Big Oil Redraws the Energy Map

A wave of reports trumpeting the oil industry’s shift to unconventional fuels has appeared in recent weeks. The Wall Street Journal and the New York Times are among the major publications covering changes in the global fossil fuel industry. With their investments in new technologies and new resources, the world’s largest fossil fuel companies are rapidly redrawing the map of the global energy industry, at a global and local scale. Unfortunately, this changing map leaves significantly reduced territory for the cleantech industry.

In the last several years the world’s largest oil companies have shifted their upstream fossil fuel production investments back to OECD (Organization for Economic Co-operation and Development) countries, typically the largest importers of fossil fuels. What used to look like a 50-50 division of investments between OECD and non-OECD, is now closer to 70-30 for some oil companies, according to The Wall Street Journal. From Australia to Canada, and from the United States to Poland, the exploration and production of oil and gas in the developed world is exploding. Thanks to innovative (and often controversial) new technologies such as horizontal drilling, ultra-deepwater wells, and hydraulic fracturing, oil companies are now exploiting the market for previously inaccessible fossil fuels. A majority of the future value for Big Oil companies – as much as $1.7 trillion, according to energy consulting firm Wood Mackenzie – is anticipated to come from Australia, Europe, and North America.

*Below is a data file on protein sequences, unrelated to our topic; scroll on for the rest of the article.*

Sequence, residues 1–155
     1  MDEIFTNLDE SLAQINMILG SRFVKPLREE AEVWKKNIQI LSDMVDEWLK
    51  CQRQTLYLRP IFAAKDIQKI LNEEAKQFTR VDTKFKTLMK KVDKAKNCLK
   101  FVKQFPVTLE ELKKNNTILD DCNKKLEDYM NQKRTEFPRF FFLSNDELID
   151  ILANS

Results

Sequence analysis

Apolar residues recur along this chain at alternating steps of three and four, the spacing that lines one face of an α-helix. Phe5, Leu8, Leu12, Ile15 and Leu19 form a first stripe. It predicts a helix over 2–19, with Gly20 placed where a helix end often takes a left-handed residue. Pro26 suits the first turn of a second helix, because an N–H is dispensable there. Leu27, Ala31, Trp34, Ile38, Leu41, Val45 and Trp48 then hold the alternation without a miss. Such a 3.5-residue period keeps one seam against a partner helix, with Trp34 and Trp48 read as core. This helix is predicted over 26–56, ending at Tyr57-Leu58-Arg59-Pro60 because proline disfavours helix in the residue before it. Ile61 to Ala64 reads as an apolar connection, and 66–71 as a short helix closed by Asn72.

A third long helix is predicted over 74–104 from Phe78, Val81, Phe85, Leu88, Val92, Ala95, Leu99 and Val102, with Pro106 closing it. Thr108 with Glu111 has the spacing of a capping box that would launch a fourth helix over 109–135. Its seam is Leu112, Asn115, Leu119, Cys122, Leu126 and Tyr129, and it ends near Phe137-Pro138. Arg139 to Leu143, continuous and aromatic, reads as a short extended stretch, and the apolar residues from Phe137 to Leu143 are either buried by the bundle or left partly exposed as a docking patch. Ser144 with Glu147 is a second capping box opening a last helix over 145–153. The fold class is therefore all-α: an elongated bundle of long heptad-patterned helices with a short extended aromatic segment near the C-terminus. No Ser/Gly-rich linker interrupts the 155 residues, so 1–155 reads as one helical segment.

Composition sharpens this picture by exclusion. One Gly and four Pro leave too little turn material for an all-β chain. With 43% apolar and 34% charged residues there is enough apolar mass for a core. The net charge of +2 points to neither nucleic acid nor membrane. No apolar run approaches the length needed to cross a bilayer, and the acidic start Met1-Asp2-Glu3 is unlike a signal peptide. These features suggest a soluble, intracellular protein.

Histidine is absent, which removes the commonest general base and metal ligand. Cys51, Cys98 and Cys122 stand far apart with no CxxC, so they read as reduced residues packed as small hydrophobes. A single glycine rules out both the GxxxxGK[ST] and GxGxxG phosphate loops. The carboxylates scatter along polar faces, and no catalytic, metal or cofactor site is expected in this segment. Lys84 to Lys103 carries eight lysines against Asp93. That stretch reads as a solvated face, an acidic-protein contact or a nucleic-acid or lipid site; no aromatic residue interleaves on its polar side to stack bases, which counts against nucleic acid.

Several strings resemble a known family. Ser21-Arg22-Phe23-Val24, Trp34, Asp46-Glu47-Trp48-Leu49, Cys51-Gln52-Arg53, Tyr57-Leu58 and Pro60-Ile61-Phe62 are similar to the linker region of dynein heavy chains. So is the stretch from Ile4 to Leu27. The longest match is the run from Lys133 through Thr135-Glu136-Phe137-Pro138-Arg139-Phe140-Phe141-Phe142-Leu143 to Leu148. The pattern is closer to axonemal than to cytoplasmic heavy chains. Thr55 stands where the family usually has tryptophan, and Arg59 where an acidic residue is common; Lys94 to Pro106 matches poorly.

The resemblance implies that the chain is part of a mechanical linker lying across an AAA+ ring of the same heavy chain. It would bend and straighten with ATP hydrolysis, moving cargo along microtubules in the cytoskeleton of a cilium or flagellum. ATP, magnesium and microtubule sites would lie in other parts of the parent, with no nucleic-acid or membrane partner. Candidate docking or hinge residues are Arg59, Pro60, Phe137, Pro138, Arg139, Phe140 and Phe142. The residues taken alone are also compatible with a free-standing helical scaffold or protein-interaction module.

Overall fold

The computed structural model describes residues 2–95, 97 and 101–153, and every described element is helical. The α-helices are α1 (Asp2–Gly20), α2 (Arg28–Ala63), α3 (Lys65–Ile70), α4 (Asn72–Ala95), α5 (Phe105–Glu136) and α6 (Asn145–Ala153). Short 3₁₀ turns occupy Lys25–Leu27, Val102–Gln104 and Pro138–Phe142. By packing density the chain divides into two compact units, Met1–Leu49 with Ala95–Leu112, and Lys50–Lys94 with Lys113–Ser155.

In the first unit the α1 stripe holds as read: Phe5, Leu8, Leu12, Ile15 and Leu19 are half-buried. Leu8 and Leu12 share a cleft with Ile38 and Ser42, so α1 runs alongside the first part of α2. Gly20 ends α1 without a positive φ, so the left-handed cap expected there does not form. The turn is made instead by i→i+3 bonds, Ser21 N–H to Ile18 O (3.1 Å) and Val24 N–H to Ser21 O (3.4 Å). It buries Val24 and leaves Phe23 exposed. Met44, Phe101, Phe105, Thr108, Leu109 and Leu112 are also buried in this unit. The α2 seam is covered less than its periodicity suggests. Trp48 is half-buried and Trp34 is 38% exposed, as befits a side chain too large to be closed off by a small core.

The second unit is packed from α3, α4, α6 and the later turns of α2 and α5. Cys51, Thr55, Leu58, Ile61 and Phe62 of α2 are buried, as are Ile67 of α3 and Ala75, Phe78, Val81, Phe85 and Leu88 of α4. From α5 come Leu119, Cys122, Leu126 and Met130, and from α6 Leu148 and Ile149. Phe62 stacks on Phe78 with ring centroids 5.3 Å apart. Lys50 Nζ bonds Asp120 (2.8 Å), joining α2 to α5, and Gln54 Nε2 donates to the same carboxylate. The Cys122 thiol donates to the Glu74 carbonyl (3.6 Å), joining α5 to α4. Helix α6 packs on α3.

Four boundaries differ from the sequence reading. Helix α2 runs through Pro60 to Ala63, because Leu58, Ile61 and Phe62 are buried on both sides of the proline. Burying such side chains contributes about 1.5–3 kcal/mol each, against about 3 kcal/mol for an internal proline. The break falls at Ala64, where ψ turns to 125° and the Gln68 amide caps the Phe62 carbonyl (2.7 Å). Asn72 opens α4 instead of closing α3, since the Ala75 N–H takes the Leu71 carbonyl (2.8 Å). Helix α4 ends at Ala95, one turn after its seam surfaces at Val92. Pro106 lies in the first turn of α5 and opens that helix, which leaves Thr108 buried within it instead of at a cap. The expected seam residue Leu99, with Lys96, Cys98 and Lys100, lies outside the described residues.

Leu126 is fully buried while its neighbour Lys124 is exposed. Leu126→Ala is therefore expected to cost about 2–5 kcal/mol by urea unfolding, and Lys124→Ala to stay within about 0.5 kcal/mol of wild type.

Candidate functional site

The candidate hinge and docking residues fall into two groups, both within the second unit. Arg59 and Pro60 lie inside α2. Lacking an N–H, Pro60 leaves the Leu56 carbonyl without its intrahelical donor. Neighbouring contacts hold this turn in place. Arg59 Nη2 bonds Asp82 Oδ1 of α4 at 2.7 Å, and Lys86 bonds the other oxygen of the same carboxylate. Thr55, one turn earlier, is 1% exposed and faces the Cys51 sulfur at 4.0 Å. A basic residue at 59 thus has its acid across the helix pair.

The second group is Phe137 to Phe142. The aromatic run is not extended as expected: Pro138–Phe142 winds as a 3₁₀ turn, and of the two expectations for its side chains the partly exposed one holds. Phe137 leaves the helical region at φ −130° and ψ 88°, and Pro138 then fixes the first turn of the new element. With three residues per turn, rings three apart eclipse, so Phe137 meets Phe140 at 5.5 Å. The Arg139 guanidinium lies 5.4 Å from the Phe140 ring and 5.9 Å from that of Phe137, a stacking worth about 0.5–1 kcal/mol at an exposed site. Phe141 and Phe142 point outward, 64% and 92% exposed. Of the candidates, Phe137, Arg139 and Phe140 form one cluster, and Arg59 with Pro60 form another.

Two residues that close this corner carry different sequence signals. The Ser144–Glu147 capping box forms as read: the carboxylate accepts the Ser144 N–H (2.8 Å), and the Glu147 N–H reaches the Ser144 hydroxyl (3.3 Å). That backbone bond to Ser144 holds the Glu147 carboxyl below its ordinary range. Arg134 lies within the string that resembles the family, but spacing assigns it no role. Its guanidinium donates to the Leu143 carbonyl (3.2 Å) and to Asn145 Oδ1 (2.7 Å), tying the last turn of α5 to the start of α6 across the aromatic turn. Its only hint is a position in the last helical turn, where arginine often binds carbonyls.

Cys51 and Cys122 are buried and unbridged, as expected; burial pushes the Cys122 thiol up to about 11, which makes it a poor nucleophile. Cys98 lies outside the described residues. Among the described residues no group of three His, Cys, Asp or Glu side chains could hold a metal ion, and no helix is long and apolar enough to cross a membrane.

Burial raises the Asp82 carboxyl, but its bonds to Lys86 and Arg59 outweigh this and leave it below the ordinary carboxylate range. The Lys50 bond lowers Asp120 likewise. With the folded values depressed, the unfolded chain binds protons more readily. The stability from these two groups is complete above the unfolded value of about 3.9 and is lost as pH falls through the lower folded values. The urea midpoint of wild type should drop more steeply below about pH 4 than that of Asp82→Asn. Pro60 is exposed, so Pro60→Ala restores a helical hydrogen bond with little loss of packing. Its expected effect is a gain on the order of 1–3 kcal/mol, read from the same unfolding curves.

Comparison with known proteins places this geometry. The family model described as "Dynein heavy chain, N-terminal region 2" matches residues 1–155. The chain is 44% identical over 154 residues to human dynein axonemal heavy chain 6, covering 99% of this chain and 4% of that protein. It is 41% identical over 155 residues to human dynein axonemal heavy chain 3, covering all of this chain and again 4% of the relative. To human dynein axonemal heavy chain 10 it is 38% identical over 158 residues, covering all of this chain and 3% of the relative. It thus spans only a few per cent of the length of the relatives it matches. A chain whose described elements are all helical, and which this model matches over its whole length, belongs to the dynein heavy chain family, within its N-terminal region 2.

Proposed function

Oil companies are leveraging technology innovation to become diversified energy companies. That does not necessarily translate into additional investment in cleantech. Oil company investments are rapidly moving them toward the production of liquefied natural gas, shale oil, and coal gasification, not wind or biofuels. In a time when the future of the Section 1603 tax breaks, which benefit clean energy and mass transit programs, is up in the air, massive new investment in fossil fuels may dampen the momentum the cleantech sector has built over the last couple years.

It certainly does when investment in unconventional oil and gas actively displaces investment in the cleantech industry. This may be the case in Colorado, where ConocoPhillips, the US’s third largest oil company, has indefinitely postponed its plans for a technology research and education campus in the Denver-Boulder area. Following significant investments in the local biofuels industry through 2008, ConocoPhillips (which is in the process of splitting into two companies, ConocoPhillips and Phillips 66) now appears to be more actively pursuing the “unconventional” opportunity. Not until later in 2012 will the full effects of the transformation of Big Oil on the cleantech sector become apparent.

Article by Brittany Gibson, appearing courtesy the Matter Network.

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